Interview: Godhead's Jason C. Miller Talks New Album, 'The Shadow Realigned'
Los Angeles-based industrial metal band Godhead recently released The Shadow Realigned, a new album consisting of 14 remixed versions of carefully selected tracks from the band's catalog, plus two cover tunes and a new, previously unreleased song called "To Heal."
The 14 remixes were created by 14 different producers. Together, they make for an interesting slab of music for fans of industrial/modern metal. GuitarWorld.com recently caught up with Godhead's Jason C. Miller to discuss the album and more.
GUITAR WORLD: How did the idea for The Shadow Realigned come about?
It was almost like a celebration of sorts. We got the rights back to our album The Shadow Line, and I thought it would be a cool idea if we got a lot of our favorite musicians and producers to remix the entire album by putting their own spin on it.
Why did you use 14 different producers?
I wanted to hear what each one would do! Call me selfish, I guess, but it was great to hear what each one did with just the raw tracks.
In hindsight, how do you compare the remixes to the original versions? Do you think they enhance the impact of the songs, or do you see the the two versions as totally different from each other?
I think most of them make the original songs much better. When you hear the opening track, you hear a perfect mix of the original — and where an outside mixer/producer/musician can take it.
In addition to the remixes, the album has three other tracks, including a Godhead original called "To Heal." How long has that one been lying around in the vault — and how did it resurface?
It's been lying around since 2006. I was glad I still found Jay Baumgardner's mix on a hard drive somewhere! It has this cool, almost Alice in Chains vibe to it. We left it off the original version of The Shadow Line because it didn't quite fit stylistically, but since this is a remix album, anything goes!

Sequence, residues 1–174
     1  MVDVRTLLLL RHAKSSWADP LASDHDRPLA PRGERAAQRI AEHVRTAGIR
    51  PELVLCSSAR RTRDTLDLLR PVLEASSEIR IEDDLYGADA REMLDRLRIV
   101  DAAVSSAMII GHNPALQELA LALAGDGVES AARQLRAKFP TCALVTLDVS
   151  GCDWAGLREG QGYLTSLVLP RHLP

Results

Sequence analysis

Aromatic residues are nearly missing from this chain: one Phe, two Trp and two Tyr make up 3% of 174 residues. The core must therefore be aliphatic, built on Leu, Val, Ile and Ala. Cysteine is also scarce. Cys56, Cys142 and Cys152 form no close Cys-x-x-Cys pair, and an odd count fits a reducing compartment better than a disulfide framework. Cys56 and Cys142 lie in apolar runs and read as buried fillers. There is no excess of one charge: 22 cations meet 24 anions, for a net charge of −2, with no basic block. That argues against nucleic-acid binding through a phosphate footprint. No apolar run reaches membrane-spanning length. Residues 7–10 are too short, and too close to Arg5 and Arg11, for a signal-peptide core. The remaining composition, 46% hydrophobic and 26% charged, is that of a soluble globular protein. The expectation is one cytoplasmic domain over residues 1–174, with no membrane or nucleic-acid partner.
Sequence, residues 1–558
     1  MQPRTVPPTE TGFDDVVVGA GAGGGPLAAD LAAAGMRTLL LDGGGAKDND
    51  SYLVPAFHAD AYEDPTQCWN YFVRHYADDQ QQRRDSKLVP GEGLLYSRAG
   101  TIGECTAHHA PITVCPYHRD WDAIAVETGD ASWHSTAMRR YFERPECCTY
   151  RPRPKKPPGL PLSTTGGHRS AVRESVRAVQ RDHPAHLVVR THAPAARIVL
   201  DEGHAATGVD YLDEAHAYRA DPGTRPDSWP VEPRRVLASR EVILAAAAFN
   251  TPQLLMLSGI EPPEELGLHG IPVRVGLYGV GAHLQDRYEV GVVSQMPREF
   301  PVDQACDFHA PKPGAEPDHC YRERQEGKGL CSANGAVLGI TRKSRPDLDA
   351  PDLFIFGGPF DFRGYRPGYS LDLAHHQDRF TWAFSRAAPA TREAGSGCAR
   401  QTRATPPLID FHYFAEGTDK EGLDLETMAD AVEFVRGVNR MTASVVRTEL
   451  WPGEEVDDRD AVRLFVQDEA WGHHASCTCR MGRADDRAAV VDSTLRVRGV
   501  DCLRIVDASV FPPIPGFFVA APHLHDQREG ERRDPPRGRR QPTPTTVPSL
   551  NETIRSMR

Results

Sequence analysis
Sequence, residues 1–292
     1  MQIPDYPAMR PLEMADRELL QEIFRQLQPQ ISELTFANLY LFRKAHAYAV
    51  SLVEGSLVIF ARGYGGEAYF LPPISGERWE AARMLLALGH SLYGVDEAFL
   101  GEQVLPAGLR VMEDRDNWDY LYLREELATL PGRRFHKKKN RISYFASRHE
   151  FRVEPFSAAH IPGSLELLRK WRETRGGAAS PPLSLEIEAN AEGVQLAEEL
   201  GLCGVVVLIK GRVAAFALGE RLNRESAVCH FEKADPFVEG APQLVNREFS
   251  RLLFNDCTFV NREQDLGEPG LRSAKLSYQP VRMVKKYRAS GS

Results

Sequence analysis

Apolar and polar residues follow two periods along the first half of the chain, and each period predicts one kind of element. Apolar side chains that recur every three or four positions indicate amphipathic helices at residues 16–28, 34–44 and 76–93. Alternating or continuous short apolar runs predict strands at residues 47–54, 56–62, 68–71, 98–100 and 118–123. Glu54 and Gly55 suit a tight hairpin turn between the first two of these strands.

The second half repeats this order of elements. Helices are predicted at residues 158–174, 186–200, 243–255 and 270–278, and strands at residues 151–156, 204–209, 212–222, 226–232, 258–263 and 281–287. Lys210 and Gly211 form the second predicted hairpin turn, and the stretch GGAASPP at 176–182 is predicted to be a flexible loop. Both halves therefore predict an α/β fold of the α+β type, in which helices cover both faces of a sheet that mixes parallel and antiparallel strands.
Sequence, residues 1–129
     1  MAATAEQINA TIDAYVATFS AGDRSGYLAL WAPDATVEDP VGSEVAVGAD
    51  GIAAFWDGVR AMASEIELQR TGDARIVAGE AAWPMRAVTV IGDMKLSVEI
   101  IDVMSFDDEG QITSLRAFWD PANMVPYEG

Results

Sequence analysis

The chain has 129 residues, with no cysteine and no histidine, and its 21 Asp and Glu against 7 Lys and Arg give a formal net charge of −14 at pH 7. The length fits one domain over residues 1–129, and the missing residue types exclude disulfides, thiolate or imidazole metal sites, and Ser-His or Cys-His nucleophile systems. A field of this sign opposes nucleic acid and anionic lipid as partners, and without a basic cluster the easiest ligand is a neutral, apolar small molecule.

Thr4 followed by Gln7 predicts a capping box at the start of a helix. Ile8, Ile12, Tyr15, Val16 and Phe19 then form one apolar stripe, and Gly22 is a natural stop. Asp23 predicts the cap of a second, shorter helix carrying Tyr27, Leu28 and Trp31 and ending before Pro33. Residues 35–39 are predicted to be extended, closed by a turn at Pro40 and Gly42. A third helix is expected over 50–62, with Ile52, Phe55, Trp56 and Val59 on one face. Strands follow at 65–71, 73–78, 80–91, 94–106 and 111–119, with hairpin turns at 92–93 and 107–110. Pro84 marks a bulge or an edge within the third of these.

Your choice of covers for the album, including "Never Let Me Down Again" by Depeche Mode and "God of Thunder" by Kiss, is diverse. What made you decide on those two?
Godhead has always been a band of many different influences. I think those two covers kind of run the gamut of where we have come from as far as who's influenced us. For "Never Let Me Down Again," I actually started working on it with our producer, Julian Beeston, at the time of recording The Shadow Line, so finishing it for this album seemed fitting.
You've toured with plenty of great bands in the past, but if you had to pick one, what past tour or show would you consider as the highlight and pinnacle of Godhead's career?
I'd say Ozzfest. What an amazing time that was! The camaraderie of the bands, the fans ... it was a non-stop party. Also to get to see Black Sabbath play every night was pretty amazing. A chance of a lifetime, but every night!
Can fans expect a Godhead album of all original material any time soon?
You never know ...
What do you think of the industrial metal genre as a whole in the present day, and would you say it's undergone a positive evolution over the years?
I think it's certainly undergone a positive evolution. To see it combined with so many electronic elements I think was a natural progression for it to go in. EDM kind of rules the world right now, and it's good to see industrial still represented.
What's some of the new music that's caught your ear in recent times, that you would recommend to readers?
Well, I've been listening to nothing but guitar bands lately! Blackberry Smoke is a personal favorite that I can't get enough of. I love their guitar harmonies. Also the Tedeschi Trucks Band. Derek Trucks might be the best slide player alive. I've been writing songs with Jinxx from Black Veil Brides and Driver Williams from Eric Church's band, and both of those live bands use a lot of double-harmony-solo work too. I can't get enough of those Allman Brothers-esque double solos!
Andrew Bansal is a writer who has been running his own website, Metal Assault, since early 2010, and has been prolific in covering the hard rock and heavy metal scene by posting interviews, news, reviews and pictures on his website — with the help of a small group of people. He briefly moved away from the Los Angeles scene and explored metal in India, but he is now back in LA continuing from where he left off.